Let’s All Be Borg
March 11, 2013 1 Comment
Imagine… we were all Borg. Wouldn’t it be great if:
- When you and I worked on a project we would be equally motivated on precisely the same the outcome
- When I have a thought you would know exactly what I mean
- We would never waste of time, money or resources
- Nobody on our team (or in our family), would experience hurt emotions based on the interpretation of what someone else said or did
Let’s do it, let’s be Borg
Let’s get networked together. What will we have to do to achieve the splendor of Borg efficiency, productivity, harmony and success? Using the Star Trek database as a resource, you and I would:
- Have to give up all emotion. Perfect communication is dependent on being unemotional – something many of us are not good at… not even SPOCK.
- Share the same goals, needs, wants, abilities and talents. Really?
- Give up all individuality; we will dress, act and live in the same way. Nothing unique about you or me.
- Be connected to “the hive mind” therefore at a moments notice we’d sacrifice ourselves for the benefit of the project and our goal with no hesitation. What?
- Not experience love and friendship.
- Stop eating. I like sweet, you like salty; that doesn’t matter. Borg don’t eat, our cybernetic implants will convert energy into whatever nutrients we will need.
I expect that if perfect communication were possible none of us would choose to give up our individuality (or for me chocolate). So, the reality is that you and I have to work at being effective communicators. Each of us is unique. Our backgrounds, educations, upbringing are different. And because we are unique so are our objectives, our goals and our dreams. What this means is that when you and I communicate you are going to ‘hear’ something different from what I mean.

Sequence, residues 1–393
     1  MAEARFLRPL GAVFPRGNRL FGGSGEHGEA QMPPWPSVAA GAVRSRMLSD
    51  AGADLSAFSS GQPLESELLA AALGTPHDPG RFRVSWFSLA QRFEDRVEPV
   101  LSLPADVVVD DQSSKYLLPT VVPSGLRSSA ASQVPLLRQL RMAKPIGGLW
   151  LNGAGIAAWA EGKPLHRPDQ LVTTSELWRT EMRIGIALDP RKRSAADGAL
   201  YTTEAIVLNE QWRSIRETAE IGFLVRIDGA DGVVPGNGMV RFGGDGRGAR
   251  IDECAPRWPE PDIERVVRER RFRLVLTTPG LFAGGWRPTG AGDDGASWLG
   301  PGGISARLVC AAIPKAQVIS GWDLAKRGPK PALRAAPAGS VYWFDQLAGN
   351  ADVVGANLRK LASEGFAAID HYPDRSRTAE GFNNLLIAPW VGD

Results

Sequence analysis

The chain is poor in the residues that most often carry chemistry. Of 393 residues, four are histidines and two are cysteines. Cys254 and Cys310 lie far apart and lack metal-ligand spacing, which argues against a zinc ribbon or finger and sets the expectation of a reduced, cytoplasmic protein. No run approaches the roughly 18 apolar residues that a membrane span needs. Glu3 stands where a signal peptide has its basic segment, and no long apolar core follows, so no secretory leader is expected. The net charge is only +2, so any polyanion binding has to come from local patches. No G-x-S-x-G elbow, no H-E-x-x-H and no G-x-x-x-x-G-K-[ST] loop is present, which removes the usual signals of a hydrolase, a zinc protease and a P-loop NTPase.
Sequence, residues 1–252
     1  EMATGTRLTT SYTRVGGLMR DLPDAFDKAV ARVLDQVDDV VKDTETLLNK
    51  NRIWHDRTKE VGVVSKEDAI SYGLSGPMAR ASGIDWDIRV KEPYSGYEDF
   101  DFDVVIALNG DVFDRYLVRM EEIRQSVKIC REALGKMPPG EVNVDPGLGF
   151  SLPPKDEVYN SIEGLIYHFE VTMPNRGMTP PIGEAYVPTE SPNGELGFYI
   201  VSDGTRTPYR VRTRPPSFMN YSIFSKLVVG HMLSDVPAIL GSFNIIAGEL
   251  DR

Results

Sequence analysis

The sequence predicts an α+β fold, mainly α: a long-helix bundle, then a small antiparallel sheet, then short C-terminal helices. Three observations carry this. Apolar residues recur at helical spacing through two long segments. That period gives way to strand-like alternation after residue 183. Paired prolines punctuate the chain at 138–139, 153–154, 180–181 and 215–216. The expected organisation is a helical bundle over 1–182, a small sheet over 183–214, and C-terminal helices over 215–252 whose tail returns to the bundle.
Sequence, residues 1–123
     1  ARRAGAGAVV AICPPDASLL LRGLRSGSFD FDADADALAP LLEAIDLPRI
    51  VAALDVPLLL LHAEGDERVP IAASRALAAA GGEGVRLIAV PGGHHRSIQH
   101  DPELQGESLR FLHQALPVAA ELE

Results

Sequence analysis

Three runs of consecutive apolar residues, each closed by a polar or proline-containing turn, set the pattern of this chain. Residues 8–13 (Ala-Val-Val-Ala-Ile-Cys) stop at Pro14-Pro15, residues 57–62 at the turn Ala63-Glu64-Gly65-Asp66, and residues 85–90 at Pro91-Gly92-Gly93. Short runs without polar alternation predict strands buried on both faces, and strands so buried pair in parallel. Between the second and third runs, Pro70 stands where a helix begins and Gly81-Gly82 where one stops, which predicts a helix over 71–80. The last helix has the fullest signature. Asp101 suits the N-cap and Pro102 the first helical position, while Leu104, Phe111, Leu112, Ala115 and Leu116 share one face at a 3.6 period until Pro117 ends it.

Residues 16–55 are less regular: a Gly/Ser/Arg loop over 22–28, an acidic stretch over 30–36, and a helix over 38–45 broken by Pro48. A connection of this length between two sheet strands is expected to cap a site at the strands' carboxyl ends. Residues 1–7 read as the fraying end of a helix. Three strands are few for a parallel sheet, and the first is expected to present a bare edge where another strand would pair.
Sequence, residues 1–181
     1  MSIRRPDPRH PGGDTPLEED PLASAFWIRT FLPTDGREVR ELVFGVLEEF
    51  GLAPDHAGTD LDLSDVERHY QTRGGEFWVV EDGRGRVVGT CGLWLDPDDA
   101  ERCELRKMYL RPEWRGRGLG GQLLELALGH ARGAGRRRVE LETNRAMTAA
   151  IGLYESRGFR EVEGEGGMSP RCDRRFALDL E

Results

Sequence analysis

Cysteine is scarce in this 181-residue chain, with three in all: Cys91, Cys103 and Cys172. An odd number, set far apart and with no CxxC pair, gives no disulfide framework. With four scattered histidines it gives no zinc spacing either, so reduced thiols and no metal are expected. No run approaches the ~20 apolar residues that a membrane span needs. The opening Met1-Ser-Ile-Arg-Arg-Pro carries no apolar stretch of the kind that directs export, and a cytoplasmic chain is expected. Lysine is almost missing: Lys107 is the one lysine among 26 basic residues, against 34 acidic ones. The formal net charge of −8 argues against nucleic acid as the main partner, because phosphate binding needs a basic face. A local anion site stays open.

That’s the key so let me say it again.
When you and I communicate you are going to ‘hear’ something different from what I mean.
It doesn’t mean I’m a bad communicator or that you are a bad listener – it only means we are human and have to take a moment to experience the conversation. And that’s a problem because in our busy work and personal schedules we often don’t take the time to experience the conversation. Instead, we:
- Make assumptions of what the other person means and needs
- Judge what we think we understand (based on our assumptions and our personal needs)
- Make decisions as to next steps
… and then we’re off to our next meeting / conversation.
But if we both took the time to experience the conversation it’s likely that as you listen to me that your assumptions, creativity and insight would make the end result even greater… if you and I take time to share your assumptions and creativity. We would also save time, money and resources. To do this we need to see creativity as a good thing and the person who is creative not as confrontational, a bad listener, a bad employee or a bad partner.
And that’s the other key. We need to give each other room to be creative and to share that process.
Certainly there are times when creativity and brainstorming are not good. In emergencies there might not be time to honour creativity and negotiation so our bosses or partners might have to be… bossy. And we have to honour and respect that.
For most conversations however, we have to learn to give each other room to ask questions, to listen to each others answers and to validate what we ‘hear’ each other are needing and feeling.
Conclusion: Don’t blame others for being different or seeing things differently
Blaming others for what they are not or because they interpret things differently than we do is like judging a horse because it doesn’t try to walk upright. But if we accept that a horse is a hard worker, a loyal companion and a faster runner we are now able to take advantage of those qualities… and no assimilation is required.
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